The book said the year was 1780 and that he was five years old. The other sources I had said TC's uncle starting putting his name on a false muster in 1781. Brian has posted here that "The Muster Book for 'Vesuvius' from Mar 1779 to May 1781 is missing from the National Archives. Direct evidence is therefore lacking. However Dundonald family papers in the NA of Scotland say that TC was mustered (falsely of course) as a Captain's Servant on the bomb vessel from 6 Dec 1780 to 28 May 1781. In the Muster Rolls of 'Sophie' and 'Caroline' the (alleged) arrival and departure of TC always coincides with that of his uncle. It is a fair assumption therefore that Alexander's dates as captain of 'Vesuvius' are the same." I accept Brian's comment and have corrected my personal summary of TC's life.


timoneer wrote:
The date TC reports to the "Hind" is wrong.
The book is correct that TC arrived on 29 July 1793. I mistakenly confused the day that TC arrived at the port which was the 28th which was used by other biographers. TC actually was rowed to the "Hind" on the date Brian used.

_________________
Don Campbell
"Whoever is strongest at sea, make him your friend."
Corcyraeans to the Athenians, 433 BC


Tue May 20, 2008 9:28 am
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Post Cochrane and the Speedy, the true story
It has been a few years, but I just came across some information relevant to this past discussion and thought I would share it with those interested.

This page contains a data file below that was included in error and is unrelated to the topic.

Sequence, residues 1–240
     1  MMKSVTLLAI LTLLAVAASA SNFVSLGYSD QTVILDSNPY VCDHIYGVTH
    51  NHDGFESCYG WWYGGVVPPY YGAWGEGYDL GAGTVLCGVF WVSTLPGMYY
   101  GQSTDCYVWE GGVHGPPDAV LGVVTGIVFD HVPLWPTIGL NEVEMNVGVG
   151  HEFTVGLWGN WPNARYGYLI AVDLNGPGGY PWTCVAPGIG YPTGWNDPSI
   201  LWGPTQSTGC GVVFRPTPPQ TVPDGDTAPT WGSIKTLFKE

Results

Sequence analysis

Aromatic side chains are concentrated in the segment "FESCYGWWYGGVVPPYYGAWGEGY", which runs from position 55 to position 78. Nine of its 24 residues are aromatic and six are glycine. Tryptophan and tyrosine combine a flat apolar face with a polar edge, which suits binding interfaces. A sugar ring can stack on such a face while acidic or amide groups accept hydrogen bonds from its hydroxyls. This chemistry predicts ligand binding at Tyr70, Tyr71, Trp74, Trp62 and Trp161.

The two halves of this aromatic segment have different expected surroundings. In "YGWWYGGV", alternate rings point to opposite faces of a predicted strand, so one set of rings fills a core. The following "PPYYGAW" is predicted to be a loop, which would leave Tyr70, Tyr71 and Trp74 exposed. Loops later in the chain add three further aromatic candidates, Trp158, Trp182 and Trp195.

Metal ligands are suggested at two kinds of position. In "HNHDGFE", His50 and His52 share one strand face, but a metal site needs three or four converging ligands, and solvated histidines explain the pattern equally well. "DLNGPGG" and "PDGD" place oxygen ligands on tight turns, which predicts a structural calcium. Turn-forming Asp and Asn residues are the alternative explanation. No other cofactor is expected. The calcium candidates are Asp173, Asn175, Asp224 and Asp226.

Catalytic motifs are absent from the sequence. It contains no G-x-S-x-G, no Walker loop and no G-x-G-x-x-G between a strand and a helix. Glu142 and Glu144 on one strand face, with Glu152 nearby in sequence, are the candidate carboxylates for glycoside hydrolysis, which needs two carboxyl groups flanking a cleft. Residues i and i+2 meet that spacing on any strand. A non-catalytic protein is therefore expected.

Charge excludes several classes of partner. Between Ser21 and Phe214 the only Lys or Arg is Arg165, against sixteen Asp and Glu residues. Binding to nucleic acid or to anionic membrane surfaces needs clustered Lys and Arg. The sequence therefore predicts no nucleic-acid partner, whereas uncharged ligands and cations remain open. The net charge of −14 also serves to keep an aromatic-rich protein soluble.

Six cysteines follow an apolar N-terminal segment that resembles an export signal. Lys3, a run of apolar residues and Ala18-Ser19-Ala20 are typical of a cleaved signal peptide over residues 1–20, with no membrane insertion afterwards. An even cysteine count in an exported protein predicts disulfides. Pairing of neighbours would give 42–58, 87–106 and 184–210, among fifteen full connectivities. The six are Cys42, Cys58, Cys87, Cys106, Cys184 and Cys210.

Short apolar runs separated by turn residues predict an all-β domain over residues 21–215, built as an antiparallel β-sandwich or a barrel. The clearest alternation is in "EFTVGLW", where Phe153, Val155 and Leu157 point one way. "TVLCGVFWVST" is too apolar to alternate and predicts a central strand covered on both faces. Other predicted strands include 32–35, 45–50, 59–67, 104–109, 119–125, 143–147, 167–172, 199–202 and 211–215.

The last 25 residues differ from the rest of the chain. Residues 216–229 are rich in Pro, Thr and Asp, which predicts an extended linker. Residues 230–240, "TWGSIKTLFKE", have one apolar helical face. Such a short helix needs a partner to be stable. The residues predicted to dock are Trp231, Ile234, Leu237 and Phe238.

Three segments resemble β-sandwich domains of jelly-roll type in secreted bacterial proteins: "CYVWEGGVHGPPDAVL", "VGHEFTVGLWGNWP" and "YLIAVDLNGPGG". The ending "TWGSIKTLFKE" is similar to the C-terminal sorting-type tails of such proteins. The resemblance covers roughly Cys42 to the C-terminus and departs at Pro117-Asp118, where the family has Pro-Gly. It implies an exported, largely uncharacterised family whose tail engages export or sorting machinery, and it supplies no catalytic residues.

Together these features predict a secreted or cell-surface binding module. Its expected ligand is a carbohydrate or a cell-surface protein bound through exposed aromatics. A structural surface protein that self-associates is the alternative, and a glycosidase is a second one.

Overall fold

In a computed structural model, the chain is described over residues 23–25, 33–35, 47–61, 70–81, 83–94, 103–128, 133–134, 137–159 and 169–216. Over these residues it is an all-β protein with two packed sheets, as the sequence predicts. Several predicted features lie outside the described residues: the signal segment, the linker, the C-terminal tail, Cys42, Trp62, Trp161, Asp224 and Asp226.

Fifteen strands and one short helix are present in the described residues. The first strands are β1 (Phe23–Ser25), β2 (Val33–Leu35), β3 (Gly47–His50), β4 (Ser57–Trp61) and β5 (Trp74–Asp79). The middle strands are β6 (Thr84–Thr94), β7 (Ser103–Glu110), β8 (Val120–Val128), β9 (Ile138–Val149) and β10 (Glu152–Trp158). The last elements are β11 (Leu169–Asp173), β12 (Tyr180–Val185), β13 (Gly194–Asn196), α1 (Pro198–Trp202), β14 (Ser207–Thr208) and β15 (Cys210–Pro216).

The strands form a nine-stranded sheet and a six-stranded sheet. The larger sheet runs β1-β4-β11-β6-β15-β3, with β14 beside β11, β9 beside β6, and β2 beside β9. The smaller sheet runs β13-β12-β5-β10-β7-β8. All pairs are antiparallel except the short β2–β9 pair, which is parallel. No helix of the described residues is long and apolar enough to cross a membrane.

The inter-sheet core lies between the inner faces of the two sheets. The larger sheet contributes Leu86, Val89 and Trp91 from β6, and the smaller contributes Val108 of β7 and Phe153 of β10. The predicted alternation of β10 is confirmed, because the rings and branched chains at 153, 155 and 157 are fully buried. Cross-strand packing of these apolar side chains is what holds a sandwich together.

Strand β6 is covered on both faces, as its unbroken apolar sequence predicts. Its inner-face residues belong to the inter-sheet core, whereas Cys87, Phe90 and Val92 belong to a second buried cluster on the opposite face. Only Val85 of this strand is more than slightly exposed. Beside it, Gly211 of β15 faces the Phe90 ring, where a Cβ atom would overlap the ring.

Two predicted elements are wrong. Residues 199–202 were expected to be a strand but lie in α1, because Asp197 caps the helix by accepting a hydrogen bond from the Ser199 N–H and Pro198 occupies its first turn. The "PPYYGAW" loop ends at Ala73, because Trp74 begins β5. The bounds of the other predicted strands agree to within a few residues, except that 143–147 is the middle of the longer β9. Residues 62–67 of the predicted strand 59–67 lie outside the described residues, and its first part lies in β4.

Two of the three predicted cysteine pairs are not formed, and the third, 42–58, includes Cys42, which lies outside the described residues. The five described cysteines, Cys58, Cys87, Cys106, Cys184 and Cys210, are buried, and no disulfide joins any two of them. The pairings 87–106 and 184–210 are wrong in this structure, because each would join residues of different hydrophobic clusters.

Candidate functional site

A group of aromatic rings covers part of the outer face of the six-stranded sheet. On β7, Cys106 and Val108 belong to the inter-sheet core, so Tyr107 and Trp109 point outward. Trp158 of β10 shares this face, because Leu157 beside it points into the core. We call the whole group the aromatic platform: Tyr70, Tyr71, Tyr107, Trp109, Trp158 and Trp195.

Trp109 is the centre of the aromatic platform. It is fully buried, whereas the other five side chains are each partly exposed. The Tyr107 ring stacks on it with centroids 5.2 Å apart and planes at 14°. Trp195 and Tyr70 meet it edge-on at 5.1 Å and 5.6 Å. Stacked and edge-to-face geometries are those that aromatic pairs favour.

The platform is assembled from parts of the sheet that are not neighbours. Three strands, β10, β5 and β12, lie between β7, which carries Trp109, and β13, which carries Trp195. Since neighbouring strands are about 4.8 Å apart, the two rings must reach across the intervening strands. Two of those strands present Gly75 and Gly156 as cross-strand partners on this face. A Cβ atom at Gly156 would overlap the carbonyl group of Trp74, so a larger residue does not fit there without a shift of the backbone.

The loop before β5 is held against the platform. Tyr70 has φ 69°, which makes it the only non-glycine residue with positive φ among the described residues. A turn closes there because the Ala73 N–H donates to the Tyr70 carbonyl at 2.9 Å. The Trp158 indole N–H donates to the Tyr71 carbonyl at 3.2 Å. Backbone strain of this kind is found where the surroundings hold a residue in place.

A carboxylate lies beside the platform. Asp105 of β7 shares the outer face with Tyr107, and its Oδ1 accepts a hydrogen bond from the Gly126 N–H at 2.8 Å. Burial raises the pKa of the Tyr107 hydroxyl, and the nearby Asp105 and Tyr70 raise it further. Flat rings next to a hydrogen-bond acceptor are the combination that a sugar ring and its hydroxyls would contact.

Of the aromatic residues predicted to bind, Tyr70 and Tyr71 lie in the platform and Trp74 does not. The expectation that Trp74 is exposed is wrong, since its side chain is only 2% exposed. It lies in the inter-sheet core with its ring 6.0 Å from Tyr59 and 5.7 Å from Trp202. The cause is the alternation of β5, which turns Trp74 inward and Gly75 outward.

William James account:
> 'On the 1st of July the French ships, then working against a
> strong west-north-west wind, were seen from Gibraltar; where
> the only British vessel of war at anchor was the 14-gun polacre-
> sloop Calpe, Captain the Honourable George Heneage Lawrence
> Dundas. On the 2nd M. Linois captured a small British brig
> employed as a packet to Minorca ; and on the 3rd, when more
> than two thirds through the Straits, the French admiral was so
> fortunate as to capture, but not until she had resorted to every
> manoeuvre to escape which her skilful commander could devise,
> the 14-gun brig-sloop Speedy, Captain Lord Cochrane. Learning
> now that Cadiz was blockaded by a superior force, rear-
> admiral Linois, with his squadron and prizes, bore up for Alge-
> ziras. On the 4th, at about 10A.M., he rounded Cabrita point in
> sight of the Calpe at her anchorage, and at 5 P.M. came to with
> his ships in front of the town of Algeziras, still in full view of the
> British at the rock.'
>

Coincidentally, the first American squadron deployed to the
Mediterranean arrived at Gibraltar at this time. I came across
this extract from the journal of Captain Bainbridge, commanding USS Essex:

Wednesday, 1 July 1801
At 7 am fell in with three french sail of the line, two Eighty four
guns & one seventy four
- The Admiral [Linois] sent his boat on board the Commodore [Dale].
At 8 AM spoke the Commodore, he ordered me to lead into Port & Anchor.
At 1/2 past 9 came to anchor in the Bay of GIbraltar in 15 fathoms
water & with the following marks,
Europa point S 16º E
New Mole N 30º E
Cabaretti Point W 20º S
South signal tower E 46º S
Algeziras W 25º N

This confirms the James account; Linois and his squadron were just
outside the Bay of Gibraltar on the morning of July 1, struggling west
through the Strait against a contrary wind.

Two days later at dawn, Linois comes upon Cochrane and the Speedy,
cruising well west of Gibraltar in neglect of his orders to escort the
packet from Minorca. After the capture, Linois turns back to Algeciras,
arriving the next day and setting the scene for the battle with Saumarez coming down from Cadiz.

Don Seltzer


Sat Mar 10, 2012 7:52 pm